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Wow...that's a lot of information. If you don't mind, I have a few questions. Tom Send a noteboard - 25/01/2010 04:20:40 AM
Thank you for the information.

I noticed that there is a big price break at around $1500 and I certainly want to stay below that, but I wouldn't mind spending $1200 and I see that there are a lot of good telescopes in that range.

For me there are several considerations:

1. I DO want to have a nice digital camera affixed somehow to take pictures of what I find and observe.

2. I need a good refractor lens due to urban light interference.

3. I DO want to observe deep space, if possible.

Obviously, a first step would be to plot planetary movement, lunar cycles and other similar things by using the methods outlined in the book reviewed. I'm also going to be doing the "low-tech" things such as building a simple sundial, etc. However, once I've done that I do want to start looking deeper into space.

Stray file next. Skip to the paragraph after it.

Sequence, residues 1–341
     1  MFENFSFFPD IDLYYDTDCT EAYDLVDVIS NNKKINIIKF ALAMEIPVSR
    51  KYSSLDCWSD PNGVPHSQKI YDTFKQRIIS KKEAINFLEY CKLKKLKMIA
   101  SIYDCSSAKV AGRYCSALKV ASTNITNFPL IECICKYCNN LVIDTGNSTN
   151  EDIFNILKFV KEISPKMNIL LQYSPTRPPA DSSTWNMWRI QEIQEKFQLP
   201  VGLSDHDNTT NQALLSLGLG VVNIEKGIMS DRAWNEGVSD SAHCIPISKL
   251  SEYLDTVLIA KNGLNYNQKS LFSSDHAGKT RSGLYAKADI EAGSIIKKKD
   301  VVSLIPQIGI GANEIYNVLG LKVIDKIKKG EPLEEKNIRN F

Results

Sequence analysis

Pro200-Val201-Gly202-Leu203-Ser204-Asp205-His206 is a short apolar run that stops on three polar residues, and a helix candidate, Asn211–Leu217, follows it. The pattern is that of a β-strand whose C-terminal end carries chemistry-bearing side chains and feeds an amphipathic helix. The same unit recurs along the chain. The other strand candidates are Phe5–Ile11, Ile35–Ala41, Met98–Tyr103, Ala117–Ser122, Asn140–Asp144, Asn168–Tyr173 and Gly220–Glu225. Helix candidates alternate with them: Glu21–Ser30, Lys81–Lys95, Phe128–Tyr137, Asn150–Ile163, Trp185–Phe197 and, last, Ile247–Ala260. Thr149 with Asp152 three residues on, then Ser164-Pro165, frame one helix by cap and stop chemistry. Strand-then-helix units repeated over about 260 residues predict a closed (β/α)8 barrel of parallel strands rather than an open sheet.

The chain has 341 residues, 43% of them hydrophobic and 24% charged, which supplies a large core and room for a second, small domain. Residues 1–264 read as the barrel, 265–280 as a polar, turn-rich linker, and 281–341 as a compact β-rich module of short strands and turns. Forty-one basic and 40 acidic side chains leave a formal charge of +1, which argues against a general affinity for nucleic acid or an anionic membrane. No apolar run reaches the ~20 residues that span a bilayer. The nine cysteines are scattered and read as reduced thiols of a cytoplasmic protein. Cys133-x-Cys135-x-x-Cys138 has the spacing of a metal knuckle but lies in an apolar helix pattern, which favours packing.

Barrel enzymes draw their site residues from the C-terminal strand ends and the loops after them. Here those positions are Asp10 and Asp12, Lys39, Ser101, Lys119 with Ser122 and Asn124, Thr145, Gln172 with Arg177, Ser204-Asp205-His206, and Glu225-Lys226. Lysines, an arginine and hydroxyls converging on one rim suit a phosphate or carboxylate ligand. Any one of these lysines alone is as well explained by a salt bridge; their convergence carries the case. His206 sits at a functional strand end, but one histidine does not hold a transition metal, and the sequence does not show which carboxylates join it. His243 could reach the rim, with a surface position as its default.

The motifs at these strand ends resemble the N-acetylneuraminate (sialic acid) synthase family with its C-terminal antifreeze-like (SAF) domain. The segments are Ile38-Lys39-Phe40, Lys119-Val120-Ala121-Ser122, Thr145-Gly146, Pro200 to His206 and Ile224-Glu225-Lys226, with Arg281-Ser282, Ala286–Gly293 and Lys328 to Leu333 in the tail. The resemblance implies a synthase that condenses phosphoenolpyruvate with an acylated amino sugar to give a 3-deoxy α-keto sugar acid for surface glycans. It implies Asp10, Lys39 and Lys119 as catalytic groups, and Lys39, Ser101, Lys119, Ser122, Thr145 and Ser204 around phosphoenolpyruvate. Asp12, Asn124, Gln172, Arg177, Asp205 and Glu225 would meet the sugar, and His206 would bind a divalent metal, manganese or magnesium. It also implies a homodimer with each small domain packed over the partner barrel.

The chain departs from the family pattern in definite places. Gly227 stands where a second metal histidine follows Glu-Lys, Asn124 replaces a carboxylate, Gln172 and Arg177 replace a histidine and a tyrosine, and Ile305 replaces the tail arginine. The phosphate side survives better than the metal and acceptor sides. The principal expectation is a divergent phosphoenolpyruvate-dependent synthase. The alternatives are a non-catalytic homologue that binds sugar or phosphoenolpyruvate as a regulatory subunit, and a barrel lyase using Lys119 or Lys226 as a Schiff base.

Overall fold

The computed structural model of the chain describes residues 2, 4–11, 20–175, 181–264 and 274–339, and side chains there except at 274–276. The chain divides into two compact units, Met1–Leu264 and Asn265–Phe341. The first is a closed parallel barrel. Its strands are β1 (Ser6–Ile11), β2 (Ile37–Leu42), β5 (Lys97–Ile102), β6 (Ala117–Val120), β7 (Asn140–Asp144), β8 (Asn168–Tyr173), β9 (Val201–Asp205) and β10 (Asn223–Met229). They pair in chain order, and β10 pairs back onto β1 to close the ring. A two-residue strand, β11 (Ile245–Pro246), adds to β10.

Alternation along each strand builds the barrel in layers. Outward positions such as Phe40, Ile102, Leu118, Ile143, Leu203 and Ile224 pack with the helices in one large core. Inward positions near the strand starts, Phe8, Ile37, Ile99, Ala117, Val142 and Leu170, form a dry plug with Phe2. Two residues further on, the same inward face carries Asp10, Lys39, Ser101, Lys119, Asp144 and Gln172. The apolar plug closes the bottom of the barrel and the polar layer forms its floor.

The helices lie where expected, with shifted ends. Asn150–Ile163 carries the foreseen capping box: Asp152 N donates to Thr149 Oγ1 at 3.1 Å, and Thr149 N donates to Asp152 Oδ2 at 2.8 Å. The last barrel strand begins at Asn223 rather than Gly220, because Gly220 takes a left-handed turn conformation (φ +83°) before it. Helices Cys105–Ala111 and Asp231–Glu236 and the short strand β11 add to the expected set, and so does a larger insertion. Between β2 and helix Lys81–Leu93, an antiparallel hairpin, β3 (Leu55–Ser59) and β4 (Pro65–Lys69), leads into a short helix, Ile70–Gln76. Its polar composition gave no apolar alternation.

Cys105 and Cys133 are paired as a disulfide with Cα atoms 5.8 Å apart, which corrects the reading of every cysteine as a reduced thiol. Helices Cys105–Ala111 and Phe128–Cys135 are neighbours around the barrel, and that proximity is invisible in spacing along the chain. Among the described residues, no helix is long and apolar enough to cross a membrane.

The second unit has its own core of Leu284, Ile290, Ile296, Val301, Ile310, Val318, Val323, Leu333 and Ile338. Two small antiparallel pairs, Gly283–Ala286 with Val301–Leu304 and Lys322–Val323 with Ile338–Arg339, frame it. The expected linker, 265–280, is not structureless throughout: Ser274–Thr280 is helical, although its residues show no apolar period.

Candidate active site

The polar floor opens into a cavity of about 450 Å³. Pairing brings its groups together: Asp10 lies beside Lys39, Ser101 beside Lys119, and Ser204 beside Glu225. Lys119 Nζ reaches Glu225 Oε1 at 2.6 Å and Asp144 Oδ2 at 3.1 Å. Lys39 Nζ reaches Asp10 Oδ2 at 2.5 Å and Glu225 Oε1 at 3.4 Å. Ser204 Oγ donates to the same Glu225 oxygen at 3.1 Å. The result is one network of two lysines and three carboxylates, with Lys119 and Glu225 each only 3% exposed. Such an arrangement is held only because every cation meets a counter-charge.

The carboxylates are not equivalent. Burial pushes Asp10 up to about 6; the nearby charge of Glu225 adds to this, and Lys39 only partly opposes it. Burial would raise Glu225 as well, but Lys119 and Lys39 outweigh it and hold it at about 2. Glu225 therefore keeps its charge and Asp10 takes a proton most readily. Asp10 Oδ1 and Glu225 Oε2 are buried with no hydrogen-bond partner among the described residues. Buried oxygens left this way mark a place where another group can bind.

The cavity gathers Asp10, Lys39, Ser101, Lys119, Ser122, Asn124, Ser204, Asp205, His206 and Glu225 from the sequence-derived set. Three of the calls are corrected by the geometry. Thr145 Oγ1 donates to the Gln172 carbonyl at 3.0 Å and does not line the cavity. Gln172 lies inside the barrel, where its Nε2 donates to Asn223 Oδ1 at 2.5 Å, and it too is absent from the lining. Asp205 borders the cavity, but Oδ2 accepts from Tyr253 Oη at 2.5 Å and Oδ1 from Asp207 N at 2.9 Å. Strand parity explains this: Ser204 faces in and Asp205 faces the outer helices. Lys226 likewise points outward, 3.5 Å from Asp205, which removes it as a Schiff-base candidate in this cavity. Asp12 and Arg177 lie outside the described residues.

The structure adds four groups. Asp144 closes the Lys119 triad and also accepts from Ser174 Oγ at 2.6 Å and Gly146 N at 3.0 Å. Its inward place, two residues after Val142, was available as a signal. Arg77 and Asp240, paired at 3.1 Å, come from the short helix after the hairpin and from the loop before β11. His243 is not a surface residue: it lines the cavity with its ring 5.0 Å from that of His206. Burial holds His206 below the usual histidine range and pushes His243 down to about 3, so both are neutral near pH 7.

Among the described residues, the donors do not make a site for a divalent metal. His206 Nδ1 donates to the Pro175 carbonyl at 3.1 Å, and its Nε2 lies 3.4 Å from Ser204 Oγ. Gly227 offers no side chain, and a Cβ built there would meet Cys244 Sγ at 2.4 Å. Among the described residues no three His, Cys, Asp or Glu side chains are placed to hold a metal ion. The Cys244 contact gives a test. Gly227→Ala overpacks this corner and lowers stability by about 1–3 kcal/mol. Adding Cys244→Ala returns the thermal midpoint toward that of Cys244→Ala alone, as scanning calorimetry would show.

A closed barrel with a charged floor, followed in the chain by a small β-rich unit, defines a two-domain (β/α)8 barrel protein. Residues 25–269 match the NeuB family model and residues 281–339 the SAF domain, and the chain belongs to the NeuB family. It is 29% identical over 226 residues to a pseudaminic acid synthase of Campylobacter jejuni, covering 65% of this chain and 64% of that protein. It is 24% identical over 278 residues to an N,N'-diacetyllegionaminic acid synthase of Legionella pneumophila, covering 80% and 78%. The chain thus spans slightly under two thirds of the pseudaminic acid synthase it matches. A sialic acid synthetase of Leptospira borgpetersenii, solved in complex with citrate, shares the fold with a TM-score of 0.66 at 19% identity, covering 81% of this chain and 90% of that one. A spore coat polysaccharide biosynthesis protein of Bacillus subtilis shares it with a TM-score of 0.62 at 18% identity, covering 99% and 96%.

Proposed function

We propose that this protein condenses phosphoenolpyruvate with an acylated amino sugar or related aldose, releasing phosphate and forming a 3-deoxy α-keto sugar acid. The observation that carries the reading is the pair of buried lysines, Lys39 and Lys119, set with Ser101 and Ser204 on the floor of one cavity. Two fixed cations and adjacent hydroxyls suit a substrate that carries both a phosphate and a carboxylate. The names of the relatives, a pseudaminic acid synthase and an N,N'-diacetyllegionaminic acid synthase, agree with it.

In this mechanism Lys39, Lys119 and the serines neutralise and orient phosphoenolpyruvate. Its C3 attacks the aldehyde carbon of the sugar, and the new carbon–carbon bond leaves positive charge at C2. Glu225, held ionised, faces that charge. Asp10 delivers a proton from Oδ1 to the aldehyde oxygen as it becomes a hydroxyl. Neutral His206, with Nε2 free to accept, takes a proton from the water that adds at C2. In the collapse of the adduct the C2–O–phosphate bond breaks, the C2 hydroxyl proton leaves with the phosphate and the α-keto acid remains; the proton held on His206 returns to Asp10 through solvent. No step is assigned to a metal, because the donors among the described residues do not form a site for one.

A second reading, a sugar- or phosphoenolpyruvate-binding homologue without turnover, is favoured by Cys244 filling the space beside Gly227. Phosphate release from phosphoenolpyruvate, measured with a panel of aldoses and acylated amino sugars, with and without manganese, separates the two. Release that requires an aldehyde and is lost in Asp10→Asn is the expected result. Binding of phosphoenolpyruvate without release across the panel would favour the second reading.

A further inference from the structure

When I read about telescopes, though, there are so many features I feel as though I'm buying a car but don't know how it works at all...I see things and wonder if the specs are the equivalent of "4-cylinder engine" or "V8 fuel-injected"...I just don't know.
Political correctness is the pettiest form of casuistry.

ἡ δὲ κἀκ τριῶν τρυπημάτων ἐργαζομένη ἐνεκάλει τῇ φύσει, δυσφορουμένη, ὅτι δὴ μὴ καὶ τοὺς τιτθοὺς αὐτῇ εὐρύτερον ἢ νῦν εἰσι τρυπώη, ὅπως καὶ ἄλλην ἐνταῦθα μίξιν ἐπιτεχνᾶσθαι δυνατὴ εἴη. – Procopius

Ummaka qinnassa nīk!

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Wow...that's a lot of information. If you don't mind, I have a few questions. - 25/01/2010 04:20:40 AM 945 Views

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